It’s all about control

OK, so this discussion is going to go in an odd direction before it gets steered toward its point. Bear with me, alright?

CNN recently conjured up a story based on a 4 year old computer game about raping women. The game, Rapelay, is old news; so is its controversy. I do not have to explain the game play or specific details about the game. I will actually spare myself from trying the game myself. Anyway, someone at CNN dug up this game and wanted to spark a discussion about how Japan needs to control its game designers. Some were displeased due to the negativistic attitude for Japan, and some were displeased because this sounds like censorship.

Nogami Takeshi, a manga creator, decided to respond to CNN with an open letter. The highlight of the letter, for reporters in the blogosphere as well as myself, were these statements:

Those products are developed for rational adults. You surely don’t believe that a rational adult would be influenced by such a game into committing rape, do you?


I assume that you are capable of distinguishing fiction from reality like we do. Are you not?

Those are very salient statements, compelling the reader to rationalize and say, “Well, I doubt I would be compelled to perform heinous acts after playing a game. I suppose the man has a point.” Heck, I was convinced for a while.

Then it dawned on me that he is wrong. He may not be wrong for the Japanese culture, about which I can say only a little as a non-citizen, but he is wrong about American culture. It pains me to say this because I loathe the studies about the negative influence the media has, but from the American perspective a game like that should be able to compel the average person into performing heinous acts. The media is supposed to influence the public.

Wow, we really haven't learned anything since the 80's, have we?

I sound like a paranoid theorist whenever I discuss social control with people, especially when I am unable to discern its source. However, the most basic example to cite is in the advertising of trends, which comes in waves. There are things that the masses are simply supposed to like and will like, and the media is there to constantly deliver the content and tell you to like it. That is basic social control. The media is influencing it. It tells you what music is good. It tells you the most popular movies. It tells you that you are an outsider if you do not participate. (In a sad reversal, you are still being controlled if you make it a point to avoid them because you are told to do so, and you are still under their thumb if you are the type who strongly advertises that you are standing on the outside. Honest apathy is the sign of someone existing beyond the influence.) But like I said, that is social control at its most basic.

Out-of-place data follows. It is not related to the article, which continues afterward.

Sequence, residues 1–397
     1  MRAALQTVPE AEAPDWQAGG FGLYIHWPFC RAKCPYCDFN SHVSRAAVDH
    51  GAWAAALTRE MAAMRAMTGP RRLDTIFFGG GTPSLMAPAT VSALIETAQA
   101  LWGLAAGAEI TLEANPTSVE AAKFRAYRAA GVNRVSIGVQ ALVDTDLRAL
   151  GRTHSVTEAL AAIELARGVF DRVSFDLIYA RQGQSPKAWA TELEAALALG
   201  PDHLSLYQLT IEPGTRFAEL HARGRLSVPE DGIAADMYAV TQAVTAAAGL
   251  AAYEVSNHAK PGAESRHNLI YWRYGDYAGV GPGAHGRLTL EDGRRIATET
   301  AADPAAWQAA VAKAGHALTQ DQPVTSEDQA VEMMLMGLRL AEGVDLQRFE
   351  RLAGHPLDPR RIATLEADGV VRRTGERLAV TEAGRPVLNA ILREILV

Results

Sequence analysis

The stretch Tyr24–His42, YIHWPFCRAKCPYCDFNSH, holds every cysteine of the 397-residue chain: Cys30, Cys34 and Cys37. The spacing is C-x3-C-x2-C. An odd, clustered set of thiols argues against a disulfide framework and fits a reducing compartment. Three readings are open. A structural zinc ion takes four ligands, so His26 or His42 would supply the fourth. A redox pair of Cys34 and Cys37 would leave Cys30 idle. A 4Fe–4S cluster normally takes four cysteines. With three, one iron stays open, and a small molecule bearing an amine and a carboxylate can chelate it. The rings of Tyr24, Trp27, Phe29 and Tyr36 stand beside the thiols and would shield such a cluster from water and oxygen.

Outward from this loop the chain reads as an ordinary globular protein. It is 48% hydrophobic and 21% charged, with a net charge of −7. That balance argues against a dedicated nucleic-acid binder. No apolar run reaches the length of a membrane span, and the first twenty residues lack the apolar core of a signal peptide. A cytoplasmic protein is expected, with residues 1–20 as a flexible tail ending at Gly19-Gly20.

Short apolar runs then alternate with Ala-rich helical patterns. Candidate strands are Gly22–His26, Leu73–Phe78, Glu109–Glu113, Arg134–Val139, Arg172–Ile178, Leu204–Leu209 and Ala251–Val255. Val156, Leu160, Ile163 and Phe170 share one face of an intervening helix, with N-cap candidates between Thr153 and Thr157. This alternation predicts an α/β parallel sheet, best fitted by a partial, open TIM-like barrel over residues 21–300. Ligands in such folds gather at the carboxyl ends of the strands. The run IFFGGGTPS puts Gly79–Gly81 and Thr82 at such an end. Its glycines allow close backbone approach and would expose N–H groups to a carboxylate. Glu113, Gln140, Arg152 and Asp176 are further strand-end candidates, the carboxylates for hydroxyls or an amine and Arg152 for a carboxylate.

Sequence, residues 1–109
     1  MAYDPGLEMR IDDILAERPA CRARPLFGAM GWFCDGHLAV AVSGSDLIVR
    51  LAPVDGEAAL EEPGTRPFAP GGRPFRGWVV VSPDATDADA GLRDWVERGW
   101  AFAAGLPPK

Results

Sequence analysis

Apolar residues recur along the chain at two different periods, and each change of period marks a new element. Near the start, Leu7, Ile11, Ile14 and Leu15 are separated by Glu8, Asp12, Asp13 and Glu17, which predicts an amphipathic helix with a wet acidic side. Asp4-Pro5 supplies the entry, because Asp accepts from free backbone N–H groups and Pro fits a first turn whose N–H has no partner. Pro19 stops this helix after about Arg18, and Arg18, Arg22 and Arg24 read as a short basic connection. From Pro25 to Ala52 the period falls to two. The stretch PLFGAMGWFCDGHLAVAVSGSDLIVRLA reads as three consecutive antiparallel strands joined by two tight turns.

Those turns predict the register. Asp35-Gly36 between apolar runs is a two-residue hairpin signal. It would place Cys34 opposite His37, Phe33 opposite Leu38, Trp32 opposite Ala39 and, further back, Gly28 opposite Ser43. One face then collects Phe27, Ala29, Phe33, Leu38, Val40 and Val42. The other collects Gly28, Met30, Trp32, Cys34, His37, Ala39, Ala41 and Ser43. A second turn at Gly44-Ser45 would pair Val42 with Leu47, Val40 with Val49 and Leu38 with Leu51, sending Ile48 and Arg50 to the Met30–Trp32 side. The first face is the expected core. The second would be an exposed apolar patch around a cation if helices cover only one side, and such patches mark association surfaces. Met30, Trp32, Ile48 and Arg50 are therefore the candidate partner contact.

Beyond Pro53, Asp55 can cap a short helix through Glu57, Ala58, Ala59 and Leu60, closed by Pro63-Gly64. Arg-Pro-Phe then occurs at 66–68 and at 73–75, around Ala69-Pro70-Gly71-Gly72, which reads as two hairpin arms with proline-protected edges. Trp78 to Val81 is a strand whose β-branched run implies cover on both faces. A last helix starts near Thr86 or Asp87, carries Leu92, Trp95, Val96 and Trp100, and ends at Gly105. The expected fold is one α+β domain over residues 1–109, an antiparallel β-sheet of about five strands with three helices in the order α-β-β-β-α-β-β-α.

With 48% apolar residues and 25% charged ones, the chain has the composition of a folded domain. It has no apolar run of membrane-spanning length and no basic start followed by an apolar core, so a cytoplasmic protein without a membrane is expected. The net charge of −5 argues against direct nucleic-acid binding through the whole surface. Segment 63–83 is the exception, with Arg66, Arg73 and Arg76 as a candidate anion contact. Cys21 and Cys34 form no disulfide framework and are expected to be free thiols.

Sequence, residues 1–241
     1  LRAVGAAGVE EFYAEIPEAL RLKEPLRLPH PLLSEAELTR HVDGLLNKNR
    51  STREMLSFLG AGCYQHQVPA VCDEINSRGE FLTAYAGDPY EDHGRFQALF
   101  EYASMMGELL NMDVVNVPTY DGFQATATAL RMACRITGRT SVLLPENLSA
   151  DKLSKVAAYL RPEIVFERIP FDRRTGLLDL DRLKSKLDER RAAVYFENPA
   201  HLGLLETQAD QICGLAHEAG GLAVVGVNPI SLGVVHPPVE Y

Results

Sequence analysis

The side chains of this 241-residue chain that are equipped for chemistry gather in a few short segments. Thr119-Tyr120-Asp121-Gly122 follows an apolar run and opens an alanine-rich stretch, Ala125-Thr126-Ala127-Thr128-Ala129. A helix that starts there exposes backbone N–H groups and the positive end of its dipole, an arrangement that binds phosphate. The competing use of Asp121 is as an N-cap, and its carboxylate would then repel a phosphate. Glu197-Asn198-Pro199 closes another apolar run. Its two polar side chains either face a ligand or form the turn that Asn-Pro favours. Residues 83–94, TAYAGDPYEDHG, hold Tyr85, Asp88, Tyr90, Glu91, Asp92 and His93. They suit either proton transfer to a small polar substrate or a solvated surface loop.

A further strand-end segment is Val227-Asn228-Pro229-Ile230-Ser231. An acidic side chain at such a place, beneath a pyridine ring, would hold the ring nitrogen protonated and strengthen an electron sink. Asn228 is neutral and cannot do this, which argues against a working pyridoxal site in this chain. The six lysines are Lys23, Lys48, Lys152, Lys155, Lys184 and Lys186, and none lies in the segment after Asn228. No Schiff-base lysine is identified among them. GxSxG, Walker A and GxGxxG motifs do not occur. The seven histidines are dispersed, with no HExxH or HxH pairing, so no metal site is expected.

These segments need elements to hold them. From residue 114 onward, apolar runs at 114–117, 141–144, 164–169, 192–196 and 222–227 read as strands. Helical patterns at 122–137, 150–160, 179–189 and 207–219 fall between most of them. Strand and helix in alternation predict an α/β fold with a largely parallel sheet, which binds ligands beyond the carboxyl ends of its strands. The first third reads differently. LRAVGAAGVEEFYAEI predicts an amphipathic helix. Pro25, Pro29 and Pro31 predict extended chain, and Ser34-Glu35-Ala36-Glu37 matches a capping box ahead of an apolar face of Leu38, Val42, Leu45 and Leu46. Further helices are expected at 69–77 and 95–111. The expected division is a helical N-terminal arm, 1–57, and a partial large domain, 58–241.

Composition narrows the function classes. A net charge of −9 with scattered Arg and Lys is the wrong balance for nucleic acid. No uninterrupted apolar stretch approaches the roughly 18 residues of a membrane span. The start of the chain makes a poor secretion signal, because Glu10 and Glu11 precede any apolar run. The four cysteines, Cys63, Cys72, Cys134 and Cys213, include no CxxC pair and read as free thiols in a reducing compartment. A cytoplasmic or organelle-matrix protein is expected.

It gets more complicated when you discuss politics and the obvious party lines of the media conglomerates. The reporting is thus made poor because it shows bias in either direction, but the overall debate between both parties is healthy and keeps the citizens within boundaries. What boundaries? Two parties, two extremes on the political spectrum, set core beliefs, and a rejection of new notions.

No culture is without indoctrination for its citizens, but there is certainly a reliance on the media influence in America. When people are taught to be Americans by the TV they watch the websites they read, I can no longer be upset that a researcher thinks Mortal Kombat might put it in my mind to harpoon someone and uppercut him off a bridge. Of course I will not do it, though. I am rational enough to differentiate the fiction of the game from reality. Other people might not be able to do so. Not to mention the fact that the media is making it confusing: Reality television is rarely real these days, and biased news outlets should make one question if the news is true or false based on the angle taken. How are we to know anything?

I guess I will have to stay tuned until they tell me.

About Gospel X

Media commentator who tries not to waste time - and often fails

Posted on April 8, 2010, in censorship, culture, real life. Bookmark the permalink. 1 Comment.

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